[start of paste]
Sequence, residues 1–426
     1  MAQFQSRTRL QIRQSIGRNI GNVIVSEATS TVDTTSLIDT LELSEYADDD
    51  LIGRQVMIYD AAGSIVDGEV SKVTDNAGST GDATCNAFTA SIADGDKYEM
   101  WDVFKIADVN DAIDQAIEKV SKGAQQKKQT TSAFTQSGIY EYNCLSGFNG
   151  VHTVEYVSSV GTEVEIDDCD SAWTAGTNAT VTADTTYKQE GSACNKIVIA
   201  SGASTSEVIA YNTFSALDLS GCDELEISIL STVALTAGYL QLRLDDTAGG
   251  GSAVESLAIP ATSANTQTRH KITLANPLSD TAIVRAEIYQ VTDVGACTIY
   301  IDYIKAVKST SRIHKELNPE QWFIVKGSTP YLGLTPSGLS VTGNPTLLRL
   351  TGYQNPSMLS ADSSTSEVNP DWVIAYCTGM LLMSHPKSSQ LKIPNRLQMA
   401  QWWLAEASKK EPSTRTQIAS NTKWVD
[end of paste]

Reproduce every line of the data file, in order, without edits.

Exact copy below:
Sequence, residues 1–426
     1  MAQFQSRTRL QIRQSIGRNI GNVIVSEATS TVDTTSLIDT LELSEYADDD
    51  LIGRQVMIYD AAGSIVDGEV SKVTDNAGST GDATCNAFTA SIADGDKYEM
   101  WDVFKIADVN DAIDQAIEKV SKGAQQKKQT TSAFTQSGIY EYNCLSGFNG
   151  VHTVEYVSSV GTEVEIDDCD SAWTAGTNAT VTADTTYKQE GSACNKIVIA
   201  SGASTSEVIA YNTFSALDLS GCDELEISIL STVALTAGYL QLRLDDTAGG
   251  GSAVESLAIP ATSANTQTRH KITLANPLSD TAIVRAEIYQ VTDVGACTIY
   301  IDYIKAVKST SRIHKELNPE QWFIVKGSTP YLGLTPSGLS VTGNPTLLRL
   351  TGYQNPSMLS ADSSTSEVNP DWVIAYCTGM LLMSHPKSSQ LKIPNRLQMA
   401  QWWLAEASKK EPSTRTQIAS NTKWVD